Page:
SPECIALTY GRAND CHALLENGE article
Sec. Innovation and Governance
Volume 1 - 2019 | https://doi.org/10.3389/frsc.2019.00002
Governing Cities for Sustainability: A Research Agenda and Invitation
- Department of Geography, University of Manchester, Manchester, United Kingdom
Eighty-five per cent of humanity—some nine billion people—will live in cities by the end of this century (OECD Publishing, 2015). While uncertainty surrounds any attempt to look this far into the future, an unquestionable consequence of this oft quoted statistic is that securing the sustainability of our planet is increasingly an urban challenge. Environmental protection, green economic growth, social equality, clean energy, decarbonization, mobility, and health are all best addressed in cities (Short, 2017; Bai et al., 2018). If cities can become sustainable, then we will have gone a long way to fixing many of the problems that we and our fellow species face. The question of course is how to do this. While we now know what the core problems and many of their solutions are, change is not happening at anywhere near the scale and pace required. Cities need to rapidly curb greenhouse gas emissions, reinvent their economies, and address growing inequalities, all in the face of obdurate infrastructures and buildings, huge demographic shifts, rapidly evolving technologies and hostile funding conditions.
As the practice of organizing collective action to steer society toward specific shared goals (Kooiman, 1993), governance is critical in enabling cities to address these challenges. Governments, communities, NGOs, private companies, utilities, universities, unions, and others are realizing the need to work collectively to respond to the pace, scale and scope of urban change. UN Habitat recognizes that working with cities is the best way to address global challenges (Parnell, 2016; Acuto, 2018), while the OECD Publishing (2015) highlights that good governance is particularly crucial in cities due to their density of connections and role as key drivers of development. The focus of governance on who is involved in making decisions and what kinds of knowledge gets to count fundamentally frames what is and is not possible in cities, and by extension enables us to understand how they might be reconfigured to make more sustainable actions possible. Governance underpins the UN Sustainable Development Goals through the enabling goal 17 on strengthening partnerships, while cities have emerged as leaders in the field of climate action through networks such as the C40 Cities Climate Leadership Group, which connects 90 of the world's most influential cities, representing more than 650 million people and one quarter of the global economy. The importance of cities to the sustainability agenda is further heightened by the resurgence of populist national governments around the world that are apathetic or openly hostile to the environmental agenda. The future sustainability of humankind, in both the mundane sense of how day-to-day existence will be for the majority of us to the viability of the planet itself, will be shaped in and by cities. Understanding cities and how they can be governed in more innovative, inclusive and effective ways is now a global sustainability priority in ways that it has not been before.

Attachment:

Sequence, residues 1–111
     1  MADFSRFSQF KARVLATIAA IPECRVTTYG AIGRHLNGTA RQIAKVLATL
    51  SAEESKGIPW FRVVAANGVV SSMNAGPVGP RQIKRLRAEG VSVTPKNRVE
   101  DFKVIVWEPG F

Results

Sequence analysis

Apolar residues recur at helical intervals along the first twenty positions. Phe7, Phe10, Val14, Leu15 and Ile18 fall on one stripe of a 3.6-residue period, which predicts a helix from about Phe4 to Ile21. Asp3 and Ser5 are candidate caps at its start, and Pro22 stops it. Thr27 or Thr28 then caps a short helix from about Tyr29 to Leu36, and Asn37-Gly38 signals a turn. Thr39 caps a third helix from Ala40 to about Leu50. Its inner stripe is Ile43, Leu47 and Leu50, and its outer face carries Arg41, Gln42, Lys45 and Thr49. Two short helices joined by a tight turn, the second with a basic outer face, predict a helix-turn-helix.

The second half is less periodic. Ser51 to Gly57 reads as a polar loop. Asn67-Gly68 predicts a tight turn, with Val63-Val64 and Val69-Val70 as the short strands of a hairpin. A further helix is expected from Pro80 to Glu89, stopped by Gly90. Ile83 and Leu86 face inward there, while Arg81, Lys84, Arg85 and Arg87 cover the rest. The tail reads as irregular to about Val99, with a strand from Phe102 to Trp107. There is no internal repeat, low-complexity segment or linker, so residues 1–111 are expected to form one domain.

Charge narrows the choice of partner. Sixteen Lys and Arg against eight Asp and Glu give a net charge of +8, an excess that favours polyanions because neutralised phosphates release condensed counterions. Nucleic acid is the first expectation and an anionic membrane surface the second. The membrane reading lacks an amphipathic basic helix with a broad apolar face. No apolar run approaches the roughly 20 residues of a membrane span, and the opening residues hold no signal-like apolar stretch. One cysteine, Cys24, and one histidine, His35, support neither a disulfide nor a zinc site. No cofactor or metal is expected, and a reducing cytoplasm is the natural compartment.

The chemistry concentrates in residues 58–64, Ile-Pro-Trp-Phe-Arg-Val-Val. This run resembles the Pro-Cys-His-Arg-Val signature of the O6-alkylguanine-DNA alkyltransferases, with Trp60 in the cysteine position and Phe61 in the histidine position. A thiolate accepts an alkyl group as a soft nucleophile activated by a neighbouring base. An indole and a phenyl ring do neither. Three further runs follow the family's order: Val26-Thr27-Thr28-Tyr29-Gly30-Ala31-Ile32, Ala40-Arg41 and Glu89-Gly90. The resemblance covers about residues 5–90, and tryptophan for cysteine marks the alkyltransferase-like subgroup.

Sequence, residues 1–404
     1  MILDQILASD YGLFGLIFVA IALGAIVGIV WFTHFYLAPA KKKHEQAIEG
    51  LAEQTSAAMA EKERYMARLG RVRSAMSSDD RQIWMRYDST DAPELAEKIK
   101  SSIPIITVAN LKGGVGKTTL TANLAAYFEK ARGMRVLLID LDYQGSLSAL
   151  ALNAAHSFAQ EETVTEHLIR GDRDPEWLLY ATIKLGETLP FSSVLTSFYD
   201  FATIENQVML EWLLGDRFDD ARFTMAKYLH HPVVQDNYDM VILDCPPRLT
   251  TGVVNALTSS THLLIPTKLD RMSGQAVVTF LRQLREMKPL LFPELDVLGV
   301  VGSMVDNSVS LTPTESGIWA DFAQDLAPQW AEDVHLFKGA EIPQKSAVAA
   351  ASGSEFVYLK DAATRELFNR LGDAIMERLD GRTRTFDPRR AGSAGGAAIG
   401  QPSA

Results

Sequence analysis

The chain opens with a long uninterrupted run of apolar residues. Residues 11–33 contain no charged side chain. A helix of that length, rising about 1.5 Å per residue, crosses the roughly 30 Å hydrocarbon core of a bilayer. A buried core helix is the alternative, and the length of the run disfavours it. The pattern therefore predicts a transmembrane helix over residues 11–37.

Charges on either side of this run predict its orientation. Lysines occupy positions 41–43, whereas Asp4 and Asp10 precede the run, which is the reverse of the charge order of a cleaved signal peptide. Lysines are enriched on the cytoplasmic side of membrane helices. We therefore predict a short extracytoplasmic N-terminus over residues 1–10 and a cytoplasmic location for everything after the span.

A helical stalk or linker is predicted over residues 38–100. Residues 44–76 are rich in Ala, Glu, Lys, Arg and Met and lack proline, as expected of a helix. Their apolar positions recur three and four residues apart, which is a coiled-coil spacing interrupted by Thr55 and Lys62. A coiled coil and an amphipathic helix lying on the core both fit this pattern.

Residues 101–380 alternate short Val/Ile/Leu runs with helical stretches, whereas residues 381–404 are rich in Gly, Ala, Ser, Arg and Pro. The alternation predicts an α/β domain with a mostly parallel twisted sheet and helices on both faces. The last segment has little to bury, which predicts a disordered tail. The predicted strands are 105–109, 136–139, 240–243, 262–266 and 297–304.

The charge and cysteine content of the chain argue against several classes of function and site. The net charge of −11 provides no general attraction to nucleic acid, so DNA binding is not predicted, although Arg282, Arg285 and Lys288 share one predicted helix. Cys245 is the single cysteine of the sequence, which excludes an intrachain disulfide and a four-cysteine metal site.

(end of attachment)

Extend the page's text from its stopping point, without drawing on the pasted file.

The Governance and Cities section of Frontiers in Sustainable Cities is the first journal section to focus explicitly on governance for urban sustainability, and its goal is to understand and advance cutting-edge developments in this field from around the world. Here, in this inaugural editorial, I pick out three themes that distinguish this research agenda in the current era: the emergence of new forms of governance, the governance of new technologies, and the importance of collaborative research approaches. These themes are based on 20 years' experience working in the field, engaging with hundreds of academic and non-academic organizations across Europe, America, and Asia, and have been added to by our editorial board which itself includes scholars from across the world. They highlight current trends in governance that have emerged as being of particular importance to urban sustainability, and are intended to be broad enough to engage the wide range of approaches and disciplines that have important contributions to make to this agenda. They are certainly not intended to be either exhaustive or exclusive, but rather to provide an invitation to the global community of urban researchers and practitioners to challenge the research agenda on sustainable cities and governance and develop it in new directions.